One in 12 UK children now in families hit by two-child benefit limit

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The Guardian

One in 12 of all UK children now live in families hit by the two-child limit, the government’s controversial cap on benefits that cuts household income by at least £2,800 a year and puts affected youngsters at risk of poverty and emotional harm.

The latest official statistics revealed 1.3 million children in 359,000 households were subject to the two-child limit in April as the policy dragged an additional 150,000 kids in 40,000 families into its net.

New research into the impact on affected children found they suffered social and emotional harms as a result of their parents finding it almost impossible to afford basic needs, from food and nappies and new shoes to buying birthday presents for friends.

The study by York and Oxford academics found the continuation of the policy during the cost of living crisis was “creating an almost impossible context for affected families, with a risk of causing long-lasting harm for millions of children”.

Asked about cost of living pressures, Asma, a mother interviewed as part of the Benefit Changes and Larger Families project, said: “If anything I think it is about to get worse … things are going up so high … so you know, that is worrying … I don’t think there is any hope at the moment.”

A briefing by the project said: “We hear a great deal of the heat or eat dilemma households in poverty routinely face. Families affected by the benefit cap and two-child limit also told us about the stressful and difficult decisions they face choosing which of their children’s basic needs to meet.”

The new figures were published as the government started to issue the first tranche of a one-off, flat rate £650 payment to around 8 million low income UK families to help them cope with the rising cost of living.

Campaigners said this payment offered little comfort to those already falling deeper into poverty at a time of rising prices. “Today’s emergency cost of living payment does nowhere near enough to pull them back,” said Alison Garnham, chief executive of the Child Poverty Action Group.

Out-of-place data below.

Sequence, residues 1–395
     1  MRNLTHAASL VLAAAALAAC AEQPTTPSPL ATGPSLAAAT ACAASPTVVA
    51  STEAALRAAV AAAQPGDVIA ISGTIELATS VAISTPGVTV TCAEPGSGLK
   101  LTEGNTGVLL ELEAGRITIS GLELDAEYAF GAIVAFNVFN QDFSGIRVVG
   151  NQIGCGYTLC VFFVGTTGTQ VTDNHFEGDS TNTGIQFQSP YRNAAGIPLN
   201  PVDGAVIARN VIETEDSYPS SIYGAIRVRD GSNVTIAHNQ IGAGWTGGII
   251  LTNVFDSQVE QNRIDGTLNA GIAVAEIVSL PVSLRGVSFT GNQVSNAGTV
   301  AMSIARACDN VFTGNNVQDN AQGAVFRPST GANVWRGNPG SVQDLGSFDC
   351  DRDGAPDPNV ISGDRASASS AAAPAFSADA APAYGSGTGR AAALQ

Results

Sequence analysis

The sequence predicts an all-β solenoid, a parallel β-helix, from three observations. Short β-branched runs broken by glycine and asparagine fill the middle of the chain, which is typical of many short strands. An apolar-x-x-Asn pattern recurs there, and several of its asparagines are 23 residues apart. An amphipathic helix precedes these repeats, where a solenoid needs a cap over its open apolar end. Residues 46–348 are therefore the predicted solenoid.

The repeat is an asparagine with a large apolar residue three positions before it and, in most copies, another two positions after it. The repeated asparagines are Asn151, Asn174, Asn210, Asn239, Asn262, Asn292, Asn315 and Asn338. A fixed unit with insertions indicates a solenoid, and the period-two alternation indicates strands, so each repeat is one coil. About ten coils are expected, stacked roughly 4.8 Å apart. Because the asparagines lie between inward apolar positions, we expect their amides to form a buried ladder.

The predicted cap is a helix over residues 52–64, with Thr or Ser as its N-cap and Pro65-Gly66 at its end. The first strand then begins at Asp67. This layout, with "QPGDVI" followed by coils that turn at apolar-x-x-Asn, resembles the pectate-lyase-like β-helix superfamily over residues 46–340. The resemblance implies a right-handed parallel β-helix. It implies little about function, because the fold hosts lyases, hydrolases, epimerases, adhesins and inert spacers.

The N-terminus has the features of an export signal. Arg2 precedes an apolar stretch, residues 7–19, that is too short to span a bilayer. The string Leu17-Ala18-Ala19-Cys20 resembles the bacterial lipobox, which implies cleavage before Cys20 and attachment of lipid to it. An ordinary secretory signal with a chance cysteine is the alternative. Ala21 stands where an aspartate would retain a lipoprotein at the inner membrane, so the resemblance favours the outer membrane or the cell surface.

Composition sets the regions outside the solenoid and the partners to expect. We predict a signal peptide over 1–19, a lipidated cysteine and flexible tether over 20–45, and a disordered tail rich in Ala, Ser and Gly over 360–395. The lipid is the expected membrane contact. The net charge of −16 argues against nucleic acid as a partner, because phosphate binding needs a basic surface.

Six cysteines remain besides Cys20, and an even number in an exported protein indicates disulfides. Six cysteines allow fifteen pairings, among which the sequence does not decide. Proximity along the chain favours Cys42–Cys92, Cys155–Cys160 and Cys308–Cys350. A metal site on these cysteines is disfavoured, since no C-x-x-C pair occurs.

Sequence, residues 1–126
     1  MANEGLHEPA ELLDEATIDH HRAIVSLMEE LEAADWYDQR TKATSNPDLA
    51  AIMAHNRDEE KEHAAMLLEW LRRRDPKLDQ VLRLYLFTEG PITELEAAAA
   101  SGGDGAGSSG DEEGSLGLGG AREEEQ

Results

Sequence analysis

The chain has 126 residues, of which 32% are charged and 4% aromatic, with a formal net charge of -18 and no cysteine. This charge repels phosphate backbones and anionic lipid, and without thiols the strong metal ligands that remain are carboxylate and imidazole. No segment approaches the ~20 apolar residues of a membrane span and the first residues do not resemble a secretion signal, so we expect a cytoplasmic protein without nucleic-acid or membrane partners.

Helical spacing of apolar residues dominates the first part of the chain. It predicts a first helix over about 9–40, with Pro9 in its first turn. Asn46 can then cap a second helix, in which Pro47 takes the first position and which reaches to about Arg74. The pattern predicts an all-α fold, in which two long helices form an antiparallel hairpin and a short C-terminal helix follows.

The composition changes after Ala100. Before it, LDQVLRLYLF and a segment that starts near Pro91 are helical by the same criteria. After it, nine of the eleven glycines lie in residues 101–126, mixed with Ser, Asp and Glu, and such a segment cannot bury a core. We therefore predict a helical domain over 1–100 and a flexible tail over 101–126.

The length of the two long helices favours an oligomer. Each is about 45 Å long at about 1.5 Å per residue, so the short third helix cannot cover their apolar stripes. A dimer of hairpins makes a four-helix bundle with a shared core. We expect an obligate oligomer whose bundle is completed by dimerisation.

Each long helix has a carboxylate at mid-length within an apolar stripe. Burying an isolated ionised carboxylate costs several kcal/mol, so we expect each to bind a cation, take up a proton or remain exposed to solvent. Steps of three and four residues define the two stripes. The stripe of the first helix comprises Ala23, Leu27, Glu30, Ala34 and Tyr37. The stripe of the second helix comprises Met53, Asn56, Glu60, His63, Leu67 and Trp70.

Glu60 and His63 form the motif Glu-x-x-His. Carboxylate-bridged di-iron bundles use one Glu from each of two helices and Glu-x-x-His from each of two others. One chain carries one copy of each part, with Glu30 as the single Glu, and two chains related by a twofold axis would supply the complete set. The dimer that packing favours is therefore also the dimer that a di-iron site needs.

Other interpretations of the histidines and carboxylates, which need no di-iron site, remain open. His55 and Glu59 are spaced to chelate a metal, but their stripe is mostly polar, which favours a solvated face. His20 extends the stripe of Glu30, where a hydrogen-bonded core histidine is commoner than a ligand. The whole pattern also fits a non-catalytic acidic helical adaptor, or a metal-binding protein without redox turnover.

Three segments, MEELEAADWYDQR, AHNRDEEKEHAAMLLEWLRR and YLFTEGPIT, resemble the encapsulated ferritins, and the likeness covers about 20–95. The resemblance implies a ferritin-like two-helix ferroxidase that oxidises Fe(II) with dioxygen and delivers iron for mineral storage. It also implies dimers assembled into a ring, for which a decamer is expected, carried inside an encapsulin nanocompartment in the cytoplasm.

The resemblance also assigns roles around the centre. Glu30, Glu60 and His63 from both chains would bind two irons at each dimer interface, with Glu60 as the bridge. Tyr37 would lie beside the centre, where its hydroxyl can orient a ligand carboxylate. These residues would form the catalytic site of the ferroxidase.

The two-child limit restricts some benefits payments to the first two children born to the poorest households after 6 April 2017. Affected households claiming universal credit or tax credits lose £55 a week for their third and subsequent children.

The policy was introduced five years ago as an attempt to cut the welfare bill and supposedly prevent “benefit scroungers” having large families, with one minister declaring it would teach feckless parents “the reality that children cost money”.

However, a recent analysis revealed that since the policy’s introduction the fertility rate for third and subsequent children born to poorer families has barely fallen. Instead it has become the biggest single driver of child poverty, especially for families with three or more children.

The policy was also recently disavowed by the Tory peer Lord Freud, the former welfare reform minister, who called it “vicious” and an “excrescence” and said it had been imposed by the Treasury against the wishes of the work and pensions ministerial team at the time.

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The latest figures showed that despite minister’s belief the two-child limit will incentivise work, 59% of the families caught by the two-child limit are working. Some 1,830 mothers received a special exemption from the two-child limit after they reported their third or subsequent child was born as a result of rape, or in the official jargon, “non-consensual conception”.

A Department for Work and Pensions spokesperson said: “This policy means families on benefits are asked to make the same financial decisions as families supporting themselves solely through work, including considering our comprehensive childcare offer for working parents and child benefit for all children.

“Meanwhile, to help with rising prices over 8 million households on benefits are in line to receive the first instalment of our £650 cost of living payment from today, with millions getting at least £1,200 in extra support.”

July 14, 2022 at 10:06PM Patrick Butler Social policy editor

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